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Default by a party

On the issue of default by a party generally, it is important for an arbitration agreement always to include a default clause. Read on to learn why.
© College of Law
On the issue of default by a party generally, it is important for an arbitration agreement always to include a default clause, so that, in the event that a party makes the decision not to participate in the arbitration, such an action does not have the effect of frustrating the whole process. The default clause does not appear in institutional model clauses and is very often neglected by the parties when they first conclude their arbitration agreement. However, it is one of the core considerations that a practitioner should have in mind and ensure that a client is advised accordingly.

Reference should be had to the applicable arbitration law as to the position where a party or a party’s representative fails to appear. Article 25(c) of the Model Law gives the arbitral tribunal power to continue proceedings in the absence of a party and to make an award on the evidence that it has heard. It is, however, a discretionary power. In order to exercise that power, and as reflected in art 24(c) of the Model Law and art 30(2) of the UNCITRAL Rules, the absent party must have had proper notice and must have failed to provide a justifiable reason for its absence.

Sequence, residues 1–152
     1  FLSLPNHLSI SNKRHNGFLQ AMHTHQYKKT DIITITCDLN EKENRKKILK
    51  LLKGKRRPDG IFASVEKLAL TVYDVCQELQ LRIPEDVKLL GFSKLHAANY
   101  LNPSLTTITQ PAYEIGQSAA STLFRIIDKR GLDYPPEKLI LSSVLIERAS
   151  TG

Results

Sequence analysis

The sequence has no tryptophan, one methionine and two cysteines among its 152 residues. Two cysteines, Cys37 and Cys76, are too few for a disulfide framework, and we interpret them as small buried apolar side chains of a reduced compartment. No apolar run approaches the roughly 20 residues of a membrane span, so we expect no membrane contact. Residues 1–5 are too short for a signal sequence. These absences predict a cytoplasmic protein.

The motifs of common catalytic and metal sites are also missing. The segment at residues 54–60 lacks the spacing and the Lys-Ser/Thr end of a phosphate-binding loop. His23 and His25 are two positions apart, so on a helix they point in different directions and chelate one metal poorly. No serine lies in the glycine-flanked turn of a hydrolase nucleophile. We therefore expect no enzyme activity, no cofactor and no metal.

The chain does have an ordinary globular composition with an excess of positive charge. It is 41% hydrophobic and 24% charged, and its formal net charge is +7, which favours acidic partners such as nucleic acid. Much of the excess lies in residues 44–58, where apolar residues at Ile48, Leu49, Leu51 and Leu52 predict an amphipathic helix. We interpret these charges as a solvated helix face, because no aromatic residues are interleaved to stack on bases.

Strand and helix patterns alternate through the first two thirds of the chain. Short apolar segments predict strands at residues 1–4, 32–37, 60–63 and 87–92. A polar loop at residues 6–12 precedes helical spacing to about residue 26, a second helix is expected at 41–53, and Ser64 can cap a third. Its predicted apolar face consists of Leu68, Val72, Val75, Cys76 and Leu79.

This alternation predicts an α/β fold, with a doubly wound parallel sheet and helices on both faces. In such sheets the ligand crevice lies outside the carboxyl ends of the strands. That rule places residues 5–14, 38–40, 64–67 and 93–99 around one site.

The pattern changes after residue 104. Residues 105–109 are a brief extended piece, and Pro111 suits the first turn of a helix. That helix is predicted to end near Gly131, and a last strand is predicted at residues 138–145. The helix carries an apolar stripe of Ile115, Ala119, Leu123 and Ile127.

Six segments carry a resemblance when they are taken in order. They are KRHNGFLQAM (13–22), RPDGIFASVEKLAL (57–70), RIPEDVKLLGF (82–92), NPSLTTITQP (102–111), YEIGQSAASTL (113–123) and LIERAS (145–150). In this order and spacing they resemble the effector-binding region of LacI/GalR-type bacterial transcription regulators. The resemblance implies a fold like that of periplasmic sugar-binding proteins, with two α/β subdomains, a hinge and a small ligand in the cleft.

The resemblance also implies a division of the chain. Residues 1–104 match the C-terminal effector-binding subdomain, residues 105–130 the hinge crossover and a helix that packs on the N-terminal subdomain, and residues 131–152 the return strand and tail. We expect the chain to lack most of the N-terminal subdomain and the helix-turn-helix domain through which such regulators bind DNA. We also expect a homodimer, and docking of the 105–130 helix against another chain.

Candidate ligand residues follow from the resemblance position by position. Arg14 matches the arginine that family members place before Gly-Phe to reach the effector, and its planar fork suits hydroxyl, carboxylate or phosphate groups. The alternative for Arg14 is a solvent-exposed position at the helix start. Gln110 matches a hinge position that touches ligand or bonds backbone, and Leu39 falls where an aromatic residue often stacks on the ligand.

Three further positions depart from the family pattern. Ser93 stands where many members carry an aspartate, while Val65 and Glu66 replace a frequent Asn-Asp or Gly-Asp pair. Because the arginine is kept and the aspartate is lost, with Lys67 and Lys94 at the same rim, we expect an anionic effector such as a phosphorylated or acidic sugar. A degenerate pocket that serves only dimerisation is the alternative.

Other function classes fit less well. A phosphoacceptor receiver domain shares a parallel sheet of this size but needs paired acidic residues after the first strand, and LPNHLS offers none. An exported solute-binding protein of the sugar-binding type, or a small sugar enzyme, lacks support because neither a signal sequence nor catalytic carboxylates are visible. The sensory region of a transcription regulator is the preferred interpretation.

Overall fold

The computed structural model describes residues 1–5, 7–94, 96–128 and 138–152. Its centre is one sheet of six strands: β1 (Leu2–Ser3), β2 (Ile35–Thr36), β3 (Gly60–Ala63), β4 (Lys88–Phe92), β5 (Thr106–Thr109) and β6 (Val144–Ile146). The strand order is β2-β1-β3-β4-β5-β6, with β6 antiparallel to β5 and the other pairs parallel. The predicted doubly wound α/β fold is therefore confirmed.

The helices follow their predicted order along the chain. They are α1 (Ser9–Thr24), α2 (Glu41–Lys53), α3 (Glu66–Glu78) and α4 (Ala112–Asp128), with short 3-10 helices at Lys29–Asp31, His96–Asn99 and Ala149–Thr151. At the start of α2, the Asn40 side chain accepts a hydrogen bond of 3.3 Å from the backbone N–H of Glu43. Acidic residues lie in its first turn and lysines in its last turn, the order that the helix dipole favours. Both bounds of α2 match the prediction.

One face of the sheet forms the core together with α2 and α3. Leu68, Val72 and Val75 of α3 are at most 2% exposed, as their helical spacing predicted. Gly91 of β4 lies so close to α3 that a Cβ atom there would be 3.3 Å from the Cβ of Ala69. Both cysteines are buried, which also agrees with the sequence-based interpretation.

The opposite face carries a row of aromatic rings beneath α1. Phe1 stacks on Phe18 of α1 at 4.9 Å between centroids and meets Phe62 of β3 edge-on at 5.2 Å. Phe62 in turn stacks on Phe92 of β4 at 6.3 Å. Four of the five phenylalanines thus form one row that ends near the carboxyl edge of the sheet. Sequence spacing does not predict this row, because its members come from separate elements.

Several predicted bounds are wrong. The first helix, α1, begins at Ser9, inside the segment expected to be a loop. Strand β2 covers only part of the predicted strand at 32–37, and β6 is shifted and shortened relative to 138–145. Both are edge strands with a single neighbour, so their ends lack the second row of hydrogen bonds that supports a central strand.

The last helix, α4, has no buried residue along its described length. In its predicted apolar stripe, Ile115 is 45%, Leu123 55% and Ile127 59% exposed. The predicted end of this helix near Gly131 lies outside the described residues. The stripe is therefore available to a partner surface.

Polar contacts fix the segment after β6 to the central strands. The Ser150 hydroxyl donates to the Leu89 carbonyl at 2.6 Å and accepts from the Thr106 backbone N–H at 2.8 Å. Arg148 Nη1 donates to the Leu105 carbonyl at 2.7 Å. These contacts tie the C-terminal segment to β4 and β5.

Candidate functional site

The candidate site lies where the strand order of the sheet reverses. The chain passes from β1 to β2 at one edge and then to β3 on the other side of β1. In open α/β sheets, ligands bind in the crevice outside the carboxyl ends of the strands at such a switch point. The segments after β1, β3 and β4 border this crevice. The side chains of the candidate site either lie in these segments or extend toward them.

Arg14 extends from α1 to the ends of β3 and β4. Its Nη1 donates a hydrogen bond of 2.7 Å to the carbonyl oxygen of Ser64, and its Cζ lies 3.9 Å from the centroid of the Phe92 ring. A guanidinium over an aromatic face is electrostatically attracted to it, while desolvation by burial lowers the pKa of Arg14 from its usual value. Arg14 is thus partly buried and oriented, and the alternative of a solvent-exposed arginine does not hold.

In reality, an arbitral tribunal will always give a party every opportunity to attend, even if that means the matter having to be adjourned. At the same time, the party that has failed to appear will be expected to pay the wasted cost incurred (both of the party who was present and of the tribunal). Conversely, where a witness fails to attend, then the tribunal or a party with the approval of the tribunal may seek the assistance of the national court to secure that witness’s attendance.

© College of Law
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International Arbitration: Process and Procedure

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